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3/11/2016
Texas Toll Road Failure Raises Question Of PPP Viability
The SH130 public private partnership toll road in Texas has filed for Chapter 11 bankruptcy protection.

SH130
A toll road in Texas declared bankruptcy last week, raising concern about tolling's long-term viability. The State Highway 130 project was the Lone Star State's first public private partnership tolling deal, which served as a symbol of the Texas Department of Transportation's (TxDOT) overall plan to add toll booths to every freeway. It flopped.

"Traffic on the facility has been lower than expected," the tolling company explained. "As a result the current debt repayment schedule between SH 130 Concession Company and our lenders is unsustainable. SH 130 Concession Co. filed for Chapter 11 protection in order to allow the company to continue discussions with its lenders and implement a financial restructuring of its outstanding debt."

In 2002, TxDOT inked a deal that created the northern section of the road with $900 million in federal loans, $520 million in state funds, and $286 million in local funding. The rest of the cash came from the sale of $1.4 billion in bonds. In 2008, the road was expanded with a 41-mile southern section to be run by Cintra, a Spanish company, and US-based Zachary Construction. Federal taxpayers paid a third of the $1.3 billion construction cost, while Cintra only contributed 15 percent of the total cost by borrowing the rest.

Toll collections were not enough to pay interest on the $686 million in bond debt and the $493 million federal loan. Rather than invest their own money in the future success of the road by paying this interest, Cintra and its partner declared bankruptcy. As with many projects of this type, the forecasts showing Texans' willingness to pay to use a road built with substantial taxpayer subsidies proved overly optimistic. The credit rating agency Moody's warned early on that it considered the project to have "junk" status.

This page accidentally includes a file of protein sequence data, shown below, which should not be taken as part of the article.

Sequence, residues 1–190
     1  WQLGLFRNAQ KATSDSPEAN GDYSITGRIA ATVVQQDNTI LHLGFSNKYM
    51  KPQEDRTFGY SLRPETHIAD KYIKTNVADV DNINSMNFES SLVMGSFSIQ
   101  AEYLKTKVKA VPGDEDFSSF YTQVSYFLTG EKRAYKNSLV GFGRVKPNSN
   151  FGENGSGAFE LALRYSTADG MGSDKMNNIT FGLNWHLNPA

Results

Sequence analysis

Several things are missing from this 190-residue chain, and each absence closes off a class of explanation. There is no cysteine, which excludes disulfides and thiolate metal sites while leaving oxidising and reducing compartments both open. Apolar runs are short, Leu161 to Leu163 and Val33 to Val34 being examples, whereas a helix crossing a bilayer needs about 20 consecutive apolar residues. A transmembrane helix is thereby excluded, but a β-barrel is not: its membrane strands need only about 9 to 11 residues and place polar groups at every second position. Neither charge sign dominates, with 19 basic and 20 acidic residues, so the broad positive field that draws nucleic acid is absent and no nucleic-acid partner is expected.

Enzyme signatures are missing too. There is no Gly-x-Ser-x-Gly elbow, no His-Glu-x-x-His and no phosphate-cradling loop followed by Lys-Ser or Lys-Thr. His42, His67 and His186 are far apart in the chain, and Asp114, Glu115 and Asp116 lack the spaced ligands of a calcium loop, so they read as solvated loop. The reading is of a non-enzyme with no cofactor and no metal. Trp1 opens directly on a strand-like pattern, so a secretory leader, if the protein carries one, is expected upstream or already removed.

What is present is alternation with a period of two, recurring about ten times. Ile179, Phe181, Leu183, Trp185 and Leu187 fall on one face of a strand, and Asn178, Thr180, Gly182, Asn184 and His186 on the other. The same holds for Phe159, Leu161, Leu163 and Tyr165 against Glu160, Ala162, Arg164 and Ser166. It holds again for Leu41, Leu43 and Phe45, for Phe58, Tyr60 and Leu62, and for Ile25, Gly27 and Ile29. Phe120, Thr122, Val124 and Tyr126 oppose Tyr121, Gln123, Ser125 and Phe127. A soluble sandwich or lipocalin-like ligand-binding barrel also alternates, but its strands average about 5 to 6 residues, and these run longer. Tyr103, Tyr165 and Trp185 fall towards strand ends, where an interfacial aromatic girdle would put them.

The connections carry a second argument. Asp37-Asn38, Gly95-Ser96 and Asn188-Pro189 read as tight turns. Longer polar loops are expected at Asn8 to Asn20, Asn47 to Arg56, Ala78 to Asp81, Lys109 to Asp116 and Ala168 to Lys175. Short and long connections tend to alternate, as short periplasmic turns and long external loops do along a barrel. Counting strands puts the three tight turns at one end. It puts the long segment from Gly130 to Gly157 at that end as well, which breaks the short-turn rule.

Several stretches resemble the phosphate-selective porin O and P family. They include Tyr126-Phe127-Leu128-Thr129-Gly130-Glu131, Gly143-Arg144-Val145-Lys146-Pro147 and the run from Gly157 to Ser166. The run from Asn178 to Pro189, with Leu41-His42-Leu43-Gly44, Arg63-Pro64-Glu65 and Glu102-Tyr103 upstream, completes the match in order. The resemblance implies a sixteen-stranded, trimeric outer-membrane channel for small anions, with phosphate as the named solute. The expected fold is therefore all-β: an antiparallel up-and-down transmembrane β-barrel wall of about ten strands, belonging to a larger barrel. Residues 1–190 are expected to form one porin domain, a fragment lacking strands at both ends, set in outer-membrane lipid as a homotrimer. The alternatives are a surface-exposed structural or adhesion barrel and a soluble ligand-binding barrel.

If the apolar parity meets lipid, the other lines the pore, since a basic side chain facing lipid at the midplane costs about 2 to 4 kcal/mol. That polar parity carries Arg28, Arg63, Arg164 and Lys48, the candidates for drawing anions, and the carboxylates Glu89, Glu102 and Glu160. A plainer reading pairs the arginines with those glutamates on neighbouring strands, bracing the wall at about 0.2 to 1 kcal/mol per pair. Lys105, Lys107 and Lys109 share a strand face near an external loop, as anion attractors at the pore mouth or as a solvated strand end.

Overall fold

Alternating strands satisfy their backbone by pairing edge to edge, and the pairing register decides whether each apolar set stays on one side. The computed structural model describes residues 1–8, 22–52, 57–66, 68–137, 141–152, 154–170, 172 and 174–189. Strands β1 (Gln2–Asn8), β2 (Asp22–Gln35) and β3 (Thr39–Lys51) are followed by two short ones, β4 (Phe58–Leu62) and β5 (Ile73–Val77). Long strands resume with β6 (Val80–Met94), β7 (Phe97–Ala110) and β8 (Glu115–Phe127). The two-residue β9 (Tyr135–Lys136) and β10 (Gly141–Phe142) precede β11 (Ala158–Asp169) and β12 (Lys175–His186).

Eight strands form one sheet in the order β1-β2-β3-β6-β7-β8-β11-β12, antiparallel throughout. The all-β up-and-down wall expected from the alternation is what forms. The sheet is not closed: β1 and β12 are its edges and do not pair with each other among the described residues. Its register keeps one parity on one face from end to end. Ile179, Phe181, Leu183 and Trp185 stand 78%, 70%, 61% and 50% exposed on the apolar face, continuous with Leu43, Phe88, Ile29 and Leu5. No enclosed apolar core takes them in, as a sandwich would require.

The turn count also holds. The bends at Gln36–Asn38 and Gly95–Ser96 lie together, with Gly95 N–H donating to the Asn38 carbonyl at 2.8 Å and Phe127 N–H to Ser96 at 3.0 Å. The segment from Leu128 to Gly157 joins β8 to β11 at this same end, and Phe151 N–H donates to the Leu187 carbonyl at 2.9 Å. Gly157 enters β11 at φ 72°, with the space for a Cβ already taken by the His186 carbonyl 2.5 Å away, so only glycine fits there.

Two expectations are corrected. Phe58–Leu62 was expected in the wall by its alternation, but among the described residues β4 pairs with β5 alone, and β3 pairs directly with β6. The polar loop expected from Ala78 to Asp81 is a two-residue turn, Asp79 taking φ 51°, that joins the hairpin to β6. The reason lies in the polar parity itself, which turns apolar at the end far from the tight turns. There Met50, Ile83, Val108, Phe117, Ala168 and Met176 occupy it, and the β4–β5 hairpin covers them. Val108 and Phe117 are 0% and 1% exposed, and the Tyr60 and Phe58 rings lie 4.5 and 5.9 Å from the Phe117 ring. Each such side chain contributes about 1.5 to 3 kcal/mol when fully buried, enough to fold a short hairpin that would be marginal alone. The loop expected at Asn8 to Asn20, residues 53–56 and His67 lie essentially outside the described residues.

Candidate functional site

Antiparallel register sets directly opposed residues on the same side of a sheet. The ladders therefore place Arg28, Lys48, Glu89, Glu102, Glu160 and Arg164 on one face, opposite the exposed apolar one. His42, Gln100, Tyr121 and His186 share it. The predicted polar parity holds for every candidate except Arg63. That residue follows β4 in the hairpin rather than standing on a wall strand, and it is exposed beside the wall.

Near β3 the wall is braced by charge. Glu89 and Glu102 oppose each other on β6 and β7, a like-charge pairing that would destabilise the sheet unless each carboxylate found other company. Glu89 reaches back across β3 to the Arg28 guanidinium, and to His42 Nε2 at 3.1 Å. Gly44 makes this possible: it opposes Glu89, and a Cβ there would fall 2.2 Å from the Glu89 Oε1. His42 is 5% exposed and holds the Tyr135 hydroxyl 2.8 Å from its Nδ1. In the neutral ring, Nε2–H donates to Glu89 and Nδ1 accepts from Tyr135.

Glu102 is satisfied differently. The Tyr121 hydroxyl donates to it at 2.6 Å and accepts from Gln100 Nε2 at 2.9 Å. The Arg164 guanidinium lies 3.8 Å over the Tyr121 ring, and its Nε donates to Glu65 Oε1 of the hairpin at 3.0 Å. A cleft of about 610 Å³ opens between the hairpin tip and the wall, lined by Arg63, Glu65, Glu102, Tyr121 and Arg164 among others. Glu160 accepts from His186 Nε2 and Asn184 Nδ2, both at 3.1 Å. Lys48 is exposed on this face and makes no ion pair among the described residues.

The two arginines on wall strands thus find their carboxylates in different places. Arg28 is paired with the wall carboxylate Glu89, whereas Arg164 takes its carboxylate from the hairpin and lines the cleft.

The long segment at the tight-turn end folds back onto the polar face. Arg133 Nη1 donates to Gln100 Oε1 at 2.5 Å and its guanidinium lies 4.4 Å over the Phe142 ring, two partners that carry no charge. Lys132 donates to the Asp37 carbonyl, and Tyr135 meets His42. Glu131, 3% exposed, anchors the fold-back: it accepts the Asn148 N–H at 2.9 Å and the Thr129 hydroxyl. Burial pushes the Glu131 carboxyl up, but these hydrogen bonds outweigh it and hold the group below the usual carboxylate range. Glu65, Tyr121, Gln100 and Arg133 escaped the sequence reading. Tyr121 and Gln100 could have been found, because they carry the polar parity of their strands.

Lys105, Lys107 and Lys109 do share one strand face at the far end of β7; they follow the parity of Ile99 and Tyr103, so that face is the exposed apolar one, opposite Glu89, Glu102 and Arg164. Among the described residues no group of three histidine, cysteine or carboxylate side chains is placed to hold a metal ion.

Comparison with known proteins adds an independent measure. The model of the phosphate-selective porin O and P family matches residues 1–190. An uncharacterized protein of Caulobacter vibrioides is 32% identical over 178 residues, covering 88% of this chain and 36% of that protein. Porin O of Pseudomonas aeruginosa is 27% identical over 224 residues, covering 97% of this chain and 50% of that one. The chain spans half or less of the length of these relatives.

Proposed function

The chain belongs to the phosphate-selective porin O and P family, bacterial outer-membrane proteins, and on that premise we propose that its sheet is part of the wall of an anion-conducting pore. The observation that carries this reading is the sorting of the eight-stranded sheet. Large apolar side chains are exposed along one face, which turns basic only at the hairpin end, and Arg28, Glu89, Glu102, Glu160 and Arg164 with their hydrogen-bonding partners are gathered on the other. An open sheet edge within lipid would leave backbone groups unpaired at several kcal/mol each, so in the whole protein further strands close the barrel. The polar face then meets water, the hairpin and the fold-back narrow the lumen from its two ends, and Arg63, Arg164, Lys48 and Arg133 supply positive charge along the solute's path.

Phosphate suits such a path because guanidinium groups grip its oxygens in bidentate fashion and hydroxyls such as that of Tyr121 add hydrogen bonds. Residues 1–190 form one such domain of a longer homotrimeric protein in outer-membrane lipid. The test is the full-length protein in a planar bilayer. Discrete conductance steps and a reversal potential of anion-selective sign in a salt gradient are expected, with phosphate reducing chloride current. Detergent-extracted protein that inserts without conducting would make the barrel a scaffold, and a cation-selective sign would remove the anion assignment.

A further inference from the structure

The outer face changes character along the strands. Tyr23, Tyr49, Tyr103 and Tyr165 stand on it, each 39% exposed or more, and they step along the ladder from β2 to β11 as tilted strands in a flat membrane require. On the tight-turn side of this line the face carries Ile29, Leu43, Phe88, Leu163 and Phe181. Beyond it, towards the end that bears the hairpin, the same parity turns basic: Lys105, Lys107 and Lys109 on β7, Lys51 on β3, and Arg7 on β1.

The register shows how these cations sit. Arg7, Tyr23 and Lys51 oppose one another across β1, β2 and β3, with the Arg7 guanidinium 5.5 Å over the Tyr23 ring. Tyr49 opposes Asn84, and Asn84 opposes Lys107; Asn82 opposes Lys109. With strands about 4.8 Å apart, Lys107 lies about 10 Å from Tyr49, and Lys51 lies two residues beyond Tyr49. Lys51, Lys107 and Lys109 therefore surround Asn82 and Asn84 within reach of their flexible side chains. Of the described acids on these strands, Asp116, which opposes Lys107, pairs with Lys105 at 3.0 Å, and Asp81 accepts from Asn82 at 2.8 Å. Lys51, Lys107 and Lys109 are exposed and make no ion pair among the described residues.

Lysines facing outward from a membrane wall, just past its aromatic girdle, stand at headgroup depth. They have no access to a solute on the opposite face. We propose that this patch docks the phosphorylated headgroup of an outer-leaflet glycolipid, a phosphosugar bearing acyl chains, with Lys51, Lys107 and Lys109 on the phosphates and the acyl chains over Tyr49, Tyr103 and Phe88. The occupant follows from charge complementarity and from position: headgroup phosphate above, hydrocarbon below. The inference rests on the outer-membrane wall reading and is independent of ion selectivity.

"Even assuming generous annual revenue growth rates, our discounted cash flow analysis indicates the project may be unable to fully support the current debt quantum in the long-term," Moody's analysts wrote in 2013.

The high-profile failure has other states looking more closely at their tolling plans. The North Carolina Department of Transportation (NCDOT) was one of the first to express concern.

"Late today, we were notified of the bankruptcy filing in Texas," NCDOT Secretary Nick Tennyson said in a March 2 statement. "The governor has directed us to immediately review every available option -- both legal and financial -- to reassess the I-77 Mobility Partner's business model and current contract."

Nearly every high-profile tolling project has failed. The Indiana Toll Road went bankrupt in 2014. The 91 freeway high occupancy toll lanes in Orange County, California was one of the first modern toll projects to go wrong, with the county taxpayers in 2003 paying for more than the original cost of construction to buy out the project. San Diego's South Bay Expressway went bankrupt in 2010 and was also bought out by county government. California's Foothill-Eastern Transportation Corridor Agency, which runs the 241, 261 and 133 toll roads in Orange County, has been teetering on the edge of default despite $1.7 billion in subsidies from the taxpayer.

In South Carolina, the Greenville Southern Connector went bankrupt in 2010. Transurban, the Australian company that runs the Pocahontas Parkway in Richmond, Virginia, wrote down the toll road as having a value of $0 in 2012.

In Australia, the operator of the Clem7 toll road went bankrupt in 2013, joining the Airportlink toll road, the Lane Cove Tunnel and the Cross City Tunnel. In Spain, ten toll concessions, including the Madrid-Toledo highway, became insolvent in 2012. The Spanish government provided more than a billion euros in bailout money to the tolling firms Abertis, Acciona, ACS, Bankia, Cintra, OHL and Sacyr Vallehermoso.

Correction: This article has been updated to more accurately reflect that Cintra is responsible for the southern segments of SH130.



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